In India, because of the Aryan background of the Hindu religion, the name Ashvini recalls the link with Persia. ‘Ashva’ (horse) in Sanskrit is a changed form of Persian and Avestan ‘asp’. ‘Ashvin’ in Sanskrit means ‘mounted on horseback’. It is also the name of the Zodiac sign Gemini, and one month in the Hindi calendar is Ashvina, known in Punjab as ‘Assu’. Ashvini also means ‘wealthy’ because of possession of horses.

In Europe, horse not only bestowed respect, but also gave rise to a code of decent behaviour called ‘chivalry’. Chivalry is derived from ‘cheval’, which is French for horse. The original Greek ‘kaballes’ was considered alien (more familiar was hippos) but in Latin, it took root as ‘caballus’ or ‘packhorse’.

Roman soldiers made the word respectable by using it for horses as a slang word. The Italian version of the name is ‘cavallo’ from where another English word ‘cavalier’ is taken. If ‘chivalry’ is attention to good manners, a ‘cavalier’ attitude may mean a disregard for form. ‘Cavalcade’ and ‘cavalry ‘are the other derivatives where horse may no longer be in evidence. Cavalry today, is made up of tanks.

Published in The Express Tribune, March 7th, 2012.

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Reader Comments (12)

  • arif khan
    Mar 6, 2012 - 11:26PM

    politics is the art of looting the country for over 4 years and then becoming a siyasi shaheed and a masoom bichara victim in the last year.

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  • Mar 6, 2012 - 11:31PM

    Liked it :) something new to learn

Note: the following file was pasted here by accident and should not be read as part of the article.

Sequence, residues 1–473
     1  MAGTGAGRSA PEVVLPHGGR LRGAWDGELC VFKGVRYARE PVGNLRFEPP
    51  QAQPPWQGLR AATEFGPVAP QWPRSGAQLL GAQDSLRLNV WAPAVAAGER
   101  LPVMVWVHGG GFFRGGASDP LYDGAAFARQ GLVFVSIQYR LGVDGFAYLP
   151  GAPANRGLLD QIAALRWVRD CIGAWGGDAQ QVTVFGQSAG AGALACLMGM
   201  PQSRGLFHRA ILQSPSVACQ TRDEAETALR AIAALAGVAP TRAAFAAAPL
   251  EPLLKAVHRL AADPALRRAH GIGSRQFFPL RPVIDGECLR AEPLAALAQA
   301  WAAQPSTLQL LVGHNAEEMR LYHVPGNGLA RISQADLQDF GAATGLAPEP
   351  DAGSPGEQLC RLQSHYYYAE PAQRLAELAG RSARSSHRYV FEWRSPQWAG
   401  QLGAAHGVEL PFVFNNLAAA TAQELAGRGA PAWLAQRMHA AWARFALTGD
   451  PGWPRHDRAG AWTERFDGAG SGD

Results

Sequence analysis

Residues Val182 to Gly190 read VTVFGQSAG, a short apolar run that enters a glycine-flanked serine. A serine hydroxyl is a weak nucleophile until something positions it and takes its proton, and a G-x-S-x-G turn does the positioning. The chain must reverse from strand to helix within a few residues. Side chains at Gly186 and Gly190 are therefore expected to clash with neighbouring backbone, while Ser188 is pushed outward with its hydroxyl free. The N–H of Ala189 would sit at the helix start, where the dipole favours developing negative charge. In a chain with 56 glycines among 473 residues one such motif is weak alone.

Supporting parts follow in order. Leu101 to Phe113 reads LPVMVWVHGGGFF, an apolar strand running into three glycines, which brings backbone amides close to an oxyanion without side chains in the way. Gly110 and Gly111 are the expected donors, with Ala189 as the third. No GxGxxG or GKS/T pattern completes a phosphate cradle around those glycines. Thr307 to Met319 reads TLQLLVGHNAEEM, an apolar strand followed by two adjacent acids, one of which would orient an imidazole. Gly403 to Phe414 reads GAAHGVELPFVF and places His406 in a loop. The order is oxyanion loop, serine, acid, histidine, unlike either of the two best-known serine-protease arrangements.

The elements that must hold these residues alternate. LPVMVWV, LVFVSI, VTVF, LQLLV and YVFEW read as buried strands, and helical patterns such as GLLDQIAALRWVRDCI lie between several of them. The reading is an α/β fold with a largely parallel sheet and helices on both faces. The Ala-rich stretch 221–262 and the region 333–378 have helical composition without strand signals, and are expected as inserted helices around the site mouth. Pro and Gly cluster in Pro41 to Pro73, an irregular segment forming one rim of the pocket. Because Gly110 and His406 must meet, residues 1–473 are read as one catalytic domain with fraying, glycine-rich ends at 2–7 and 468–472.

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  • Mar 7, 2012 - 12:13AM

    The horse-traders do not tell us that they trading in futures(of the country) but think they are performing in a Rodeo arena.
    Spectators have greater horse sense, they are not cheering, they are booing.

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  • kaalchakra
    Mar 7, 2012 - 2:43AM

    “Bernard Lewis, in his book The Political Language of Islam (OUP)”

    Marvelous. I have long been fascinated with the way Islam deploys human language (and logic). It was clear that some others must have noted that as well, but never had time to research that area. Thanks for providing a starting point. Best regards.

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  • Haniya
    Mar 7, 2012 - 3:03AM

    Quite enlightening. There is a good justification behind things. :)

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  • zalim singh
    Mar 7, 2012 - 8:41AM

    good article.

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  • Ahmed
    Mar 7, 2012 - 11:00AM